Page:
I knew within seconds that Olympic National Park was special.
It sounded different, smelled exotic, and looked like a mystical fairy-land that I used to imagine as a child.
My first stop was the coast, particularly Beach 4, where one of the locals promised me I’d be able to explore the tide pools when the tide was low. There were a couple other tourists on the beach, but most of them were clustered around the end of the trail. I ventured further north to a rocky outcropping that was being hammered away by relentless Pacific waves.
I scampered about, dodging ocean spray and scaring away seagulls with my presence. There were some amazing creatures: sea anemones, sea stars, mussels, sea urchins, and a host of other living things that I couldn’t identify. As I hopped from rock to rock, I grew in appreciation of this unique ecosystem. I was smart enough to keep an eye on the water level; it wouldn’t be fun to get stuck out on a high point unable to get back to land.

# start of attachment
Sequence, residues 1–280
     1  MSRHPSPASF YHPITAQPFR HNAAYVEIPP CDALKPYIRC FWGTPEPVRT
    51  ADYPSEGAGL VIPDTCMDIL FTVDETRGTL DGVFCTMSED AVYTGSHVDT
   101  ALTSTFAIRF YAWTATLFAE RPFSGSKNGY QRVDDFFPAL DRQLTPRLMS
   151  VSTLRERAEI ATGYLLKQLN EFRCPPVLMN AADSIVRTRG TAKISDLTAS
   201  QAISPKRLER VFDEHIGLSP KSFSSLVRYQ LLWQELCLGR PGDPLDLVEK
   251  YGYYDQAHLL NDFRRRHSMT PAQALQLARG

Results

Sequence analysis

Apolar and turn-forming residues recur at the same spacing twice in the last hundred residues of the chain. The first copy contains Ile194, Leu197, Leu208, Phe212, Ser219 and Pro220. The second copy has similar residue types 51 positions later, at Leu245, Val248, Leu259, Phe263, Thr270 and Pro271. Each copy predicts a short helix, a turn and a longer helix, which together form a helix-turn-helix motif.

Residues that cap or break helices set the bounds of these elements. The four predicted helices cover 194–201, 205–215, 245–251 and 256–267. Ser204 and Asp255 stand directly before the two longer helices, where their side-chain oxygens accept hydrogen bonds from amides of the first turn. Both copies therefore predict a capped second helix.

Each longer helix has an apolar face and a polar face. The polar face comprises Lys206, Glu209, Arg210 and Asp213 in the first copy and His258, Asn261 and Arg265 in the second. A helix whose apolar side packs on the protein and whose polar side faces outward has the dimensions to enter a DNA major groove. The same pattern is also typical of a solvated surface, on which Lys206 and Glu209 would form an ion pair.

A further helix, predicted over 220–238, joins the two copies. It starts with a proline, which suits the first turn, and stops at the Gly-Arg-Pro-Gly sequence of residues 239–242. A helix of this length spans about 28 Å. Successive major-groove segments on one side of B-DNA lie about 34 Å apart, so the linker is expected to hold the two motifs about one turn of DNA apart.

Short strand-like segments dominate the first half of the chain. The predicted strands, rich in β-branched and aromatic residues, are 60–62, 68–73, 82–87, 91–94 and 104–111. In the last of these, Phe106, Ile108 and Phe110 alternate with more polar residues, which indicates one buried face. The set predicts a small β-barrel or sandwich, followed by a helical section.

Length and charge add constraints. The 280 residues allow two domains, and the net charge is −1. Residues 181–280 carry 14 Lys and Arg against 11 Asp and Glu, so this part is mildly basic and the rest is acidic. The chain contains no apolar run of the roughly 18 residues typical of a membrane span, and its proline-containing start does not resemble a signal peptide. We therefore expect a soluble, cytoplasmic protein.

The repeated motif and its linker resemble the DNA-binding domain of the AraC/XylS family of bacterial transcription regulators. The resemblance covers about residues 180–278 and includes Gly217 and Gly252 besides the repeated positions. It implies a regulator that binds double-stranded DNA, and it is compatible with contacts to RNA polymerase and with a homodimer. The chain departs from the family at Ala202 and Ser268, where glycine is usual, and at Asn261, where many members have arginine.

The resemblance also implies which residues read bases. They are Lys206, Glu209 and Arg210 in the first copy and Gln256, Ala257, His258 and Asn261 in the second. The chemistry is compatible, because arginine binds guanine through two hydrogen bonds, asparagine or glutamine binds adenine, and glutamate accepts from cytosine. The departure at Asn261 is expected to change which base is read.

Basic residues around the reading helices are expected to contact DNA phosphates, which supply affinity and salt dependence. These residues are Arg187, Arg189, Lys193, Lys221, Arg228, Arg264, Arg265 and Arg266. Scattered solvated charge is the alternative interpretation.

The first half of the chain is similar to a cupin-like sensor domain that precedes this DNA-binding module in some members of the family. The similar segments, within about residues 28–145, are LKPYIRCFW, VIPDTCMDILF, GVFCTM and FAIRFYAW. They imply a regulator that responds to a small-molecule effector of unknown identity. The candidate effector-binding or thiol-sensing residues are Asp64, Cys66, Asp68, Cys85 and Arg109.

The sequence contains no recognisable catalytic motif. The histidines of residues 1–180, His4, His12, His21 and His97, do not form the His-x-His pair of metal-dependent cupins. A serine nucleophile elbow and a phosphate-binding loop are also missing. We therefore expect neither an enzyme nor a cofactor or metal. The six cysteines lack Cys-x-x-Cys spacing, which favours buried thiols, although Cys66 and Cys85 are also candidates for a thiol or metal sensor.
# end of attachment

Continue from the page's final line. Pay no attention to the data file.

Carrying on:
After I had exhausted myself at the beach, I entered the Hoh Rainforest portion of Olympic. Here, I viewed every shade of green conceivable. One type of lichen that clung to the large old-growth trees looked exactly like lettuce.* The mosses dripped down, hanging off of branches and twirled around trunks. There were waterfalls, creeks, and streams all within 2 miles from the Visitor’s Center parking lot.
I enjoyed the feeling of being in such an exceptional environment. Simply sitting and watching the world was engaging. A couple slugs came out to say hello, and some bugs that looked like mosquitoes hovered about (they didn’t try to chow down on my flesh like I expected, though). There was so much life and I was glad to be apart of it.
When I crawled into my trailer that night, moisture clung to everything. I didn’t mind, though – it wasn’t as annoying as the humidity back east. I fell asleep within the rainforest, feeling snug and cozy, and all wrapped up in green.
* I later found out that this is actually called Lettuce Lichen.